The sanctuary has no less than 456 kinds of flora and fauna. The moist deciduous forest is the habitat of different species of primates like spectacled monkey, capped languor, pigtailed macaque and several other wild animals like leopard, clouded leopard, civets, barking deer etc. The pretty big zoo nestled in the midst of lush green woods of Sepahijala is a great place for nature lovers. It is surrounded with artificial lakes, moist and deciduous forests. However one cannot deny that the increase in human population is somewhat   threatening to these beautiful forests Another attraction here is the spectacular view of coffee and rubber plantations,  apart from the different primates and the avian population all around .Previously there was no cultivation of rubber in Tripura, but 50 years back, with the help of the State Govt. the Indian rubber board had taken the initiative to start rubber cultivation in Tripura and presently Tripura is the second largest rubber producing state.

The fisheries dept. of Tripura, too, is doing quite well, producing seeds of pabda fish aplenty in hatcheries to promote this fish culture. There is a great deal of scope for developing local varieties of fish.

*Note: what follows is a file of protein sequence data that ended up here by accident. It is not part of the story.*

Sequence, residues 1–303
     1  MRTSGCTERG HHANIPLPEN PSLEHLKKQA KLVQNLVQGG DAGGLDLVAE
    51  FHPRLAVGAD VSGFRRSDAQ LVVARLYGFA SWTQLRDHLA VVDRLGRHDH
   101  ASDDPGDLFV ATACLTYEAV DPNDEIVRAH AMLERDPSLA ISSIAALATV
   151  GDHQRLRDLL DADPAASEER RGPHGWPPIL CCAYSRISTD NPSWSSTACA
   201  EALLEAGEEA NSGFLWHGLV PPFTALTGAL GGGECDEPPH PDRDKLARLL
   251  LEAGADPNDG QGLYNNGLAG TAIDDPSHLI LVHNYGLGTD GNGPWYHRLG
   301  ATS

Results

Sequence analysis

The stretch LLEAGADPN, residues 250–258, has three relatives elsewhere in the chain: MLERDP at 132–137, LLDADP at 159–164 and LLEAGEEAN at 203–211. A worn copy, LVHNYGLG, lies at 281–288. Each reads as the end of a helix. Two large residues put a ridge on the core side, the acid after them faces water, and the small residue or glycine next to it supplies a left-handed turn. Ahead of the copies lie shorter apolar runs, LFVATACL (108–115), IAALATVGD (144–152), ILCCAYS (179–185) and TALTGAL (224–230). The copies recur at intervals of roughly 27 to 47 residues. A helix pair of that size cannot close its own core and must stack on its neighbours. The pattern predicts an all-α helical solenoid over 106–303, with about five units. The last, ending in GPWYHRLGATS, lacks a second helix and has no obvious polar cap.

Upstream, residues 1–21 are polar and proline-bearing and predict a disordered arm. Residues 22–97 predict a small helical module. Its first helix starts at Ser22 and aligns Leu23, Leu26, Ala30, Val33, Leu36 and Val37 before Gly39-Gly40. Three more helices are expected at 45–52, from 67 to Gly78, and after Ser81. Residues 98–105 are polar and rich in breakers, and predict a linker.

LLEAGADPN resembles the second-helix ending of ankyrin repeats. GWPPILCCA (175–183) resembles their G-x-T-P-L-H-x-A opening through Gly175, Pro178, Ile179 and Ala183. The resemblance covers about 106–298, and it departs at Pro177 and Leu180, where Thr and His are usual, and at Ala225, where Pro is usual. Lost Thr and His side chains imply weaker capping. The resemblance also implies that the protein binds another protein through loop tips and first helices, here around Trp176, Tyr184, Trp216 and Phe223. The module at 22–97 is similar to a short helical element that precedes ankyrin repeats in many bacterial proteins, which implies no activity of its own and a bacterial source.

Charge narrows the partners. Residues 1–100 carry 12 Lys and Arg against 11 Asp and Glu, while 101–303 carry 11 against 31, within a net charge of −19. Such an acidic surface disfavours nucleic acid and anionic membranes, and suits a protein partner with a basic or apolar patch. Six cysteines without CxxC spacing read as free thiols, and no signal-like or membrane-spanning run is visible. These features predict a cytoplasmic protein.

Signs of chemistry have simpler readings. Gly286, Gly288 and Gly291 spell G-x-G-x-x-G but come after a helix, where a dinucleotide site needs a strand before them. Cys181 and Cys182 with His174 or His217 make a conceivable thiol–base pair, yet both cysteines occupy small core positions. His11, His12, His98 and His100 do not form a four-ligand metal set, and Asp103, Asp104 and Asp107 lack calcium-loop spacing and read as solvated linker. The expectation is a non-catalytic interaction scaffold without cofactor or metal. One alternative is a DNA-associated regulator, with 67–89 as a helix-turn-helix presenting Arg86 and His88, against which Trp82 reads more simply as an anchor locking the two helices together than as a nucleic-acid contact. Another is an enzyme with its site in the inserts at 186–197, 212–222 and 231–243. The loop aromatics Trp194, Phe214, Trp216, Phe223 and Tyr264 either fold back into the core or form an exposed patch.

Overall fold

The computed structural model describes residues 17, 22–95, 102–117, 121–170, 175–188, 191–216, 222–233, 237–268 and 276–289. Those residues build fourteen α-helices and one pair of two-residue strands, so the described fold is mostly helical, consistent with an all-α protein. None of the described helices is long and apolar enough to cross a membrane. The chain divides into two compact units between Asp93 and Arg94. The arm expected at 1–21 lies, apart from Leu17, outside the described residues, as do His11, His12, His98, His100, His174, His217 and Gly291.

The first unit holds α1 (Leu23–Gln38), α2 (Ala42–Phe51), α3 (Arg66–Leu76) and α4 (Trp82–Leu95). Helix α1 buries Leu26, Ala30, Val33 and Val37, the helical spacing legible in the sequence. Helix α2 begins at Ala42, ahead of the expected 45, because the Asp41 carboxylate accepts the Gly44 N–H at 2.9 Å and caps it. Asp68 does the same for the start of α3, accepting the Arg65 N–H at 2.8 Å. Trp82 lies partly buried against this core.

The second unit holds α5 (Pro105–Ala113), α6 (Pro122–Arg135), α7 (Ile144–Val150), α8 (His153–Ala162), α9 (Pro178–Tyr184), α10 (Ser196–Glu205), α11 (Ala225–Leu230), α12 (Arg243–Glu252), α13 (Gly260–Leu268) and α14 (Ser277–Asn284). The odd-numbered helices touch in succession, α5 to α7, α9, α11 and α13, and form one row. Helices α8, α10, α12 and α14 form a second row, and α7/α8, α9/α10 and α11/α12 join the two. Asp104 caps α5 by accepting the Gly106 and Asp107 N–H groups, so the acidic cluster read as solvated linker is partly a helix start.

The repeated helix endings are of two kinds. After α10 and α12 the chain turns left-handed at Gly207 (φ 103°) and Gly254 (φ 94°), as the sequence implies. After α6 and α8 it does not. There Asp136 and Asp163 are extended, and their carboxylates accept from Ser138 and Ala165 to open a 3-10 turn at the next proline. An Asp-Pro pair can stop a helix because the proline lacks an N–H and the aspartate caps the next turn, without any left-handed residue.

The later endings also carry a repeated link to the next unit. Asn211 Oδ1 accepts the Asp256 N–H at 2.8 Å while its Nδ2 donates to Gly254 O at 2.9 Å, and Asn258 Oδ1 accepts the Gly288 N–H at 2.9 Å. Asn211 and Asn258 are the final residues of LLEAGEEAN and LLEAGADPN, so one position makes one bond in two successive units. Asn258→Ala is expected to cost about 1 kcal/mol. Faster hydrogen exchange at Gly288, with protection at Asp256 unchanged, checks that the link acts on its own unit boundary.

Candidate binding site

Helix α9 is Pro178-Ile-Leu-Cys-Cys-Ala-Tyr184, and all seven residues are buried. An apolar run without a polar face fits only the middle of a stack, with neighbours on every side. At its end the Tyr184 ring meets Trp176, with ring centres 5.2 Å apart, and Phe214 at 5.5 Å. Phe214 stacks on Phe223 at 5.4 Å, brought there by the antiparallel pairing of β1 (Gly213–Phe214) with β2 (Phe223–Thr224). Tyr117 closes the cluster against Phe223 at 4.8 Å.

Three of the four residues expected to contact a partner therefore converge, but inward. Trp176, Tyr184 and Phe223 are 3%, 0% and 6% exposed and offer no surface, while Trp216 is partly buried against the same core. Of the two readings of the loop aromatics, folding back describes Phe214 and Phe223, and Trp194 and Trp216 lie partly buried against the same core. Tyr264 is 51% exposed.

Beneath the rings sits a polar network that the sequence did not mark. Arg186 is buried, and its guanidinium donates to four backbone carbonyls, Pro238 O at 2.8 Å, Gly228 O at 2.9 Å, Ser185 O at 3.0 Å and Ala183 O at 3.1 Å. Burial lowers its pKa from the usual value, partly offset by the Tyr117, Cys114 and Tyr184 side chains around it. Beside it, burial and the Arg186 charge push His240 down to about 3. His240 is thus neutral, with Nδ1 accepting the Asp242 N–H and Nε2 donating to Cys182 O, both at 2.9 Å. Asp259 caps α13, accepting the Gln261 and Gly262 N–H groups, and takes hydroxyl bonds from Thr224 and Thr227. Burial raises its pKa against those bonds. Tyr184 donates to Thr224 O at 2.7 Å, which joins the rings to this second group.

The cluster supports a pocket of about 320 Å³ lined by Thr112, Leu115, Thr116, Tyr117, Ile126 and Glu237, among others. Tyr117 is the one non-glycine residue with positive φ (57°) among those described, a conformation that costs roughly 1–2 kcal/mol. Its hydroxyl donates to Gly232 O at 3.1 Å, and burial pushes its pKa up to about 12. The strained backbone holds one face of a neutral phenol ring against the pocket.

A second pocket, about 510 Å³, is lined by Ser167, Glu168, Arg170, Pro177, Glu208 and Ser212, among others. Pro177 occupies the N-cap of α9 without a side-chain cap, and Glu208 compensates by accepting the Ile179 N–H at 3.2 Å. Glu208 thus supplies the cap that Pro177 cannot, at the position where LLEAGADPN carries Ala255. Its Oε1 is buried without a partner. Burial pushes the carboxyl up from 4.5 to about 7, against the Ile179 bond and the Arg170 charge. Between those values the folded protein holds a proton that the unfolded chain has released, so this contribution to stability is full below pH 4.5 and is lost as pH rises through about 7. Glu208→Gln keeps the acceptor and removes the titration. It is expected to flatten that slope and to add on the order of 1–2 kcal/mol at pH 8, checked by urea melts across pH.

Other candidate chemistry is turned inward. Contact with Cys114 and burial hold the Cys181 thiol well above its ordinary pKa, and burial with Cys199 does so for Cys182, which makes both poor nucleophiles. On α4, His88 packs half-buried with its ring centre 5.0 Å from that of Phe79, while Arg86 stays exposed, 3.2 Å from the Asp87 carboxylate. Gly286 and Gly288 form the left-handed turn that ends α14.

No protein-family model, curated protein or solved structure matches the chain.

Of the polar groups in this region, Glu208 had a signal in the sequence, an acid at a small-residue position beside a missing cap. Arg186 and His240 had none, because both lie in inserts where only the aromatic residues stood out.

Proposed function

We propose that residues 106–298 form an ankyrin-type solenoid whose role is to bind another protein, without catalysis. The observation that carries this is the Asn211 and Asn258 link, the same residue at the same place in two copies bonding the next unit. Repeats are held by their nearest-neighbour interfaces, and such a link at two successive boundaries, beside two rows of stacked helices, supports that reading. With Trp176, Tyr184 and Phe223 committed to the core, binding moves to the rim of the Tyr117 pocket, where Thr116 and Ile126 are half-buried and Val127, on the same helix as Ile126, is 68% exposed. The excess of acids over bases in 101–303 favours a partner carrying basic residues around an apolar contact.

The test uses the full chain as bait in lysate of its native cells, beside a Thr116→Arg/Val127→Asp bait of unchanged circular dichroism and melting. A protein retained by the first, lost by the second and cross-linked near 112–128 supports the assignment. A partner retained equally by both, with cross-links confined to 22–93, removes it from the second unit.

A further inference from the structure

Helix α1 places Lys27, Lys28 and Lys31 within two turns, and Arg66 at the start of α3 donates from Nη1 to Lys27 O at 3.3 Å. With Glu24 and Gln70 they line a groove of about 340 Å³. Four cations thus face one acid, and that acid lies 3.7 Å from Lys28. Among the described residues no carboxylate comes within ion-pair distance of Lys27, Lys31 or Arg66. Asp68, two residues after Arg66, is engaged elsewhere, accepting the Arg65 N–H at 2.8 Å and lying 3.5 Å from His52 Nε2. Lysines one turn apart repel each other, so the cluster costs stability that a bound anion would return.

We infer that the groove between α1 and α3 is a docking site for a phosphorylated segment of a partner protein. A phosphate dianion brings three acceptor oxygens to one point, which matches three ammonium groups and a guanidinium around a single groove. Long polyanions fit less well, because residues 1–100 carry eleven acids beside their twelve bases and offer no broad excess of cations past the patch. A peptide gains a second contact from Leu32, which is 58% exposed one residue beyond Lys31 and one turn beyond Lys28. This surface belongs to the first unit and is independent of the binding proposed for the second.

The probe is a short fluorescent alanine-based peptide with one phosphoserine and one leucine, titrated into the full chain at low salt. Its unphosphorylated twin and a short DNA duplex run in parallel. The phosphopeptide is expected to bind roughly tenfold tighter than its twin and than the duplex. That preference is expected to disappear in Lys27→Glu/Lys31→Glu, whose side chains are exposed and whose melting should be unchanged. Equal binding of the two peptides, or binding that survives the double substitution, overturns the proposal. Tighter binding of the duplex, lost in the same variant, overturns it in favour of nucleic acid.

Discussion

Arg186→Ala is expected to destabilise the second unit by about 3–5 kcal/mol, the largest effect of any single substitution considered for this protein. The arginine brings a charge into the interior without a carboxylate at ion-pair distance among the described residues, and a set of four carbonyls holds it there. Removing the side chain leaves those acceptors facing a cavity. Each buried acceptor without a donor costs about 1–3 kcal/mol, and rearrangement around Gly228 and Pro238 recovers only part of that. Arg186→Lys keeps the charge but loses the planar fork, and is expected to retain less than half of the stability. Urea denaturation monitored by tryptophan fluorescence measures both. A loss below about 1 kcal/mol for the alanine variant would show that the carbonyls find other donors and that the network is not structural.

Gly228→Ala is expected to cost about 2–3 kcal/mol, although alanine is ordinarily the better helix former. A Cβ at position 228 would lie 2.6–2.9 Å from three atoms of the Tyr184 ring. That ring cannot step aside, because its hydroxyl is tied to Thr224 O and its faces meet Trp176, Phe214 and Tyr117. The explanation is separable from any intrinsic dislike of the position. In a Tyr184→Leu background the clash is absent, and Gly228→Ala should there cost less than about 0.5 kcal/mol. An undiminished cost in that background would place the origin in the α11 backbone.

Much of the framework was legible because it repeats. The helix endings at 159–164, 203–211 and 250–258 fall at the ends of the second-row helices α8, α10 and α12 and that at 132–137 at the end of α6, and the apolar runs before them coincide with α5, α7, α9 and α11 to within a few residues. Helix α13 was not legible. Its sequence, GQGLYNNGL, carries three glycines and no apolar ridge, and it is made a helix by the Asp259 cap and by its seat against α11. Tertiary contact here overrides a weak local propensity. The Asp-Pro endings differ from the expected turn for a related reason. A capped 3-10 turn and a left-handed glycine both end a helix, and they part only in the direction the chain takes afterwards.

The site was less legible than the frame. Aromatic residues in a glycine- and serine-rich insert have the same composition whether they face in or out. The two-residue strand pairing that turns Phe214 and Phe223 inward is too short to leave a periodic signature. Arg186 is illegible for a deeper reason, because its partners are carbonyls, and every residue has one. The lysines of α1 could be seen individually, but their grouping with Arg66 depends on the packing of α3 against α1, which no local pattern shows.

MERGER WITH INDIA

The frontiers of India and Bangladesh are not very far from Agartala. The border security of the countries performs flag hoisting and unhoisting rituals like the border Wagha in Punjab In 1947, king Birbikram Manikya declared a merger with the Indian Union. However, it was his successor who signed the final charter.

Tripura is a place still unexplored in terms of tourism…hidden treasure for a tourism hub in the Northeast. To feel the essence of these place one must spend quality of time there especially, interacting with locals and losing oneself amidst the unperturbed nature. There are many places to visit in Tripura, which are bestowed with nature’s bounty, friendly dwellers with a myriad of options in sightseeing.

MATTER OF CONCERN

It is a matter of concern, however, that the ground water in certain regions in and around Tripura is shrinking up, mostly because of the rubber plantations there. So are the forests gradually diminishing and getting destroyed by humanity. Thus, is the paradox of human civilization, pitted against nature.